Real World Airfare Savings: Using Hidden City Ticketing to Travel for Less

Last year I explained how to use ‘hidden city ticketing’ to save big money on airfare.

Airlines often price tickets from one city to another through a hub cheaper than flights that terminate at the hub.

Flying United New York to Milwaukee through Chicago is often much cheaper than just flying New York to Chicago.

But if you get off the plane in Chicago and don’t board your connection to Milwaukee, you’ve potentially saved yourself a lot of money. This is called hidden city ticketing.

In the live example I gave in that post, I helped someone save $1415 on a one-way ticket. That’s a big deal.

If you’re interested in the technique, read the post, it walks you through how to do it – and how not to do it – including simple pitfalls to avoid (you only want to throw away the last segment of an itienrary, and you don’t want to do this and check bags, plus if you do this a lot it may be best to use another airline partner frequent flyer number to credit miles to).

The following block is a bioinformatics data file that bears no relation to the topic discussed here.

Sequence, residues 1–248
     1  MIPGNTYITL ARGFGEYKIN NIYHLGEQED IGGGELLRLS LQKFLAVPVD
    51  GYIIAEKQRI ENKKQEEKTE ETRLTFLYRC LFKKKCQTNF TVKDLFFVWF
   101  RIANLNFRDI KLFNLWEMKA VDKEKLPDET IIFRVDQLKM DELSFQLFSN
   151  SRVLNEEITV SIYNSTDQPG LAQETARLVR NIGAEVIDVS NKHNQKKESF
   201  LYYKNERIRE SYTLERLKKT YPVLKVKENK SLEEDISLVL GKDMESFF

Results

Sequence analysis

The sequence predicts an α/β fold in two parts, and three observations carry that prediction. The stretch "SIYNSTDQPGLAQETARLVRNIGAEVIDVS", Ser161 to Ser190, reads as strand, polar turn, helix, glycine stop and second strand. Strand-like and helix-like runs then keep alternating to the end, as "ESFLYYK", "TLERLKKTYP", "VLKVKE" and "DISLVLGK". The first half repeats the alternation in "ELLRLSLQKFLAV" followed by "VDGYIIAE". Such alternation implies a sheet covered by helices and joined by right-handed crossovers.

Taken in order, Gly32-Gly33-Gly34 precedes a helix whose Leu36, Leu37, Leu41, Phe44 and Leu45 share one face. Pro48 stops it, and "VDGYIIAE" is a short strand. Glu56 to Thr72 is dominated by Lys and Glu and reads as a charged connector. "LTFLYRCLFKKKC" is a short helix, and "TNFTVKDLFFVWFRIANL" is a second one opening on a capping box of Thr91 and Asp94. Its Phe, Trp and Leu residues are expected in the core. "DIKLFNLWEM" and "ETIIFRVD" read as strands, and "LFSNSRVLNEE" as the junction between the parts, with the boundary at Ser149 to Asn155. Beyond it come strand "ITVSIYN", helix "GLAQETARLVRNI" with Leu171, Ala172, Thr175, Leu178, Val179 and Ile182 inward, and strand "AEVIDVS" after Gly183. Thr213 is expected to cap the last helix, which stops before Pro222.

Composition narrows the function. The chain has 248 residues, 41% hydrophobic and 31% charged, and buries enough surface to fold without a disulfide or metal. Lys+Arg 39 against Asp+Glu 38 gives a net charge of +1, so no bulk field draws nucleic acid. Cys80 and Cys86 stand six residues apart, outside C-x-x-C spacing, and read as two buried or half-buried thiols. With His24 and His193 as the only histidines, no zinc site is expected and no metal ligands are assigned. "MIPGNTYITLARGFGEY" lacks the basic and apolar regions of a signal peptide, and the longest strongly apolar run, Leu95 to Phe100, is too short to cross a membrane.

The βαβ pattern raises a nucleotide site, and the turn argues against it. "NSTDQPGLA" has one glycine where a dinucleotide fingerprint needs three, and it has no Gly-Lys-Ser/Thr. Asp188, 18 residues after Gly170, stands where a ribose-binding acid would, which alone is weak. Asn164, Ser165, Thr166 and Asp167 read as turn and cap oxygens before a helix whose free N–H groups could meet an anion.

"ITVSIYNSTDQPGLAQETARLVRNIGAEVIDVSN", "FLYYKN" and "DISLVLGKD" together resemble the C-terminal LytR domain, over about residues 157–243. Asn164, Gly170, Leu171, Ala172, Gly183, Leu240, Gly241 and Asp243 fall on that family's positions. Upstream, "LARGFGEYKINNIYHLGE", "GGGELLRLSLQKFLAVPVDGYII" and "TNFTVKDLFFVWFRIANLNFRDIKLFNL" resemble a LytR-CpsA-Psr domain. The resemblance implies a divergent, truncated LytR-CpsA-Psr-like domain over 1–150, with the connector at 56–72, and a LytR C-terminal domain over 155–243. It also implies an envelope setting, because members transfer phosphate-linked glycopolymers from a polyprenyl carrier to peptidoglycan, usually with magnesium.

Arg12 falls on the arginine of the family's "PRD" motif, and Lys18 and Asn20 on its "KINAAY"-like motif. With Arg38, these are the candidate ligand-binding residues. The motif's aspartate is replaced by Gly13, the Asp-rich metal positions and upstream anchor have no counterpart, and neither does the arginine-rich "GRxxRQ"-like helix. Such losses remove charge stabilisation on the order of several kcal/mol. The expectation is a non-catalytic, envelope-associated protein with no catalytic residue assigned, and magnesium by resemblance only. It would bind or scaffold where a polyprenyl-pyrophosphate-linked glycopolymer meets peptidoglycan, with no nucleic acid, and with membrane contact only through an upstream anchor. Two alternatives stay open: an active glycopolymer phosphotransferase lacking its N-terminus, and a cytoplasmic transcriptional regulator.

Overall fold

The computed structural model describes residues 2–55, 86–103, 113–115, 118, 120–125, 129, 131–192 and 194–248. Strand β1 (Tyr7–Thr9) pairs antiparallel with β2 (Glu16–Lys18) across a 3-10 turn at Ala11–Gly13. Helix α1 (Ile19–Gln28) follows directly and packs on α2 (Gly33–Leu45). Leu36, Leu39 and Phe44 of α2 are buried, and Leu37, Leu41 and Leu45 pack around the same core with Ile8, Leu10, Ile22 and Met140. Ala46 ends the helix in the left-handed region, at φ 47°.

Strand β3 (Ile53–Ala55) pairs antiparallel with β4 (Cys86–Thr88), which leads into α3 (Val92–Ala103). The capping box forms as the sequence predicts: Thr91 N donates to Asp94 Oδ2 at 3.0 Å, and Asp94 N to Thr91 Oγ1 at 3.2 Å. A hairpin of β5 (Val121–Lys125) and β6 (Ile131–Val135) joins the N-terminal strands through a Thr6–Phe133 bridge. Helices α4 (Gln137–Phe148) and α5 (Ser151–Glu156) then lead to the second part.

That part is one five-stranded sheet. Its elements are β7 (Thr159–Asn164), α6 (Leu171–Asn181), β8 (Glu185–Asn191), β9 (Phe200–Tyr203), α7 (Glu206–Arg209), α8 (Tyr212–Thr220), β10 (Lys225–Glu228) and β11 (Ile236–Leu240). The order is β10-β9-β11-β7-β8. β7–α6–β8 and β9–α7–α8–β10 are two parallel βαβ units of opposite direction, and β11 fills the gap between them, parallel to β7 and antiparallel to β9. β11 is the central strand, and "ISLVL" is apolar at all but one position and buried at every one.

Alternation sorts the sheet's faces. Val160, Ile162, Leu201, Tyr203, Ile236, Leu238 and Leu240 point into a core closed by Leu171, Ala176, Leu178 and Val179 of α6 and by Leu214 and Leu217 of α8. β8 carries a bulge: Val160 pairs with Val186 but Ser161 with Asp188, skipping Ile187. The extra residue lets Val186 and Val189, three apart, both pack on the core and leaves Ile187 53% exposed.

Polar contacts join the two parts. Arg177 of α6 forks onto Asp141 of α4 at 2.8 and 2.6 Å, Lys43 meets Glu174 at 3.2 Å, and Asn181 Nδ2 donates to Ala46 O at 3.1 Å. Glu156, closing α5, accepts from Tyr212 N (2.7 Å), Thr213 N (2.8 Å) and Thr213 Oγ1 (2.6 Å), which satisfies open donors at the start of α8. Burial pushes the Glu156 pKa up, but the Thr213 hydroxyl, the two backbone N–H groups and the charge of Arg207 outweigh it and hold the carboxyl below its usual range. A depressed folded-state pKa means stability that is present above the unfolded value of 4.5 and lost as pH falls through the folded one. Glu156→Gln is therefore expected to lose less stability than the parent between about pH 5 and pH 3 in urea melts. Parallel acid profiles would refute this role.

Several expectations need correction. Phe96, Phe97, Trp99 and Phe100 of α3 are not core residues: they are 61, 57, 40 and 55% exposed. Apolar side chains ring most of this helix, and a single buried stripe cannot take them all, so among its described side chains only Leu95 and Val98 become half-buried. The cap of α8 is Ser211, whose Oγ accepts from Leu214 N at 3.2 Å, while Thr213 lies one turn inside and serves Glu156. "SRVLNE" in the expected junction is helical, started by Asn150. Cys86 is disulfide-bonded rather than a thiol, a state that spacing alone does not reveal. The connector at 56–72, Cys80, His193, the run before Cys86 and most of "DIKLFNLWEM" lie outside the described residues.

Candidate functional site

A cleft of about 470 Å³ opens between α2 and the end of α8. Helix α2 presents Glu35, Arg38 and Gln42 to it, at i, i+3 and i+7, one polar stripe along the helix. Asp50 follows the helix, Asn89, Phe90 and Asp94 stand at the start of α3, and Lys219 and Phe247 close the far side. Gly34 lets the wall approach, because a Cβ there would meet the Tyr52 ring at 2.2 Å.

The savings aren’t always as substantial as $1415, of course, largely because most domestic airline tickets aren’t that expensive to begin with.

But since I’ve just completed a throwaway that saved a bit of money, I thought I’d share the example.

I’m always amazed at how well the US Airways and Delta ‘shuttle’ products between New York, DC, and Boston are able to hold price even when the flights are relatively empty. Sure, there are corporate discounts. But flying during business hours, even on a Wednesday morning, isn’t inexpensive.

Here’s New York-LaGuardia priced two weeks out:

It’s not $1000. But it’s more than I want to pay for the 214 mile flight.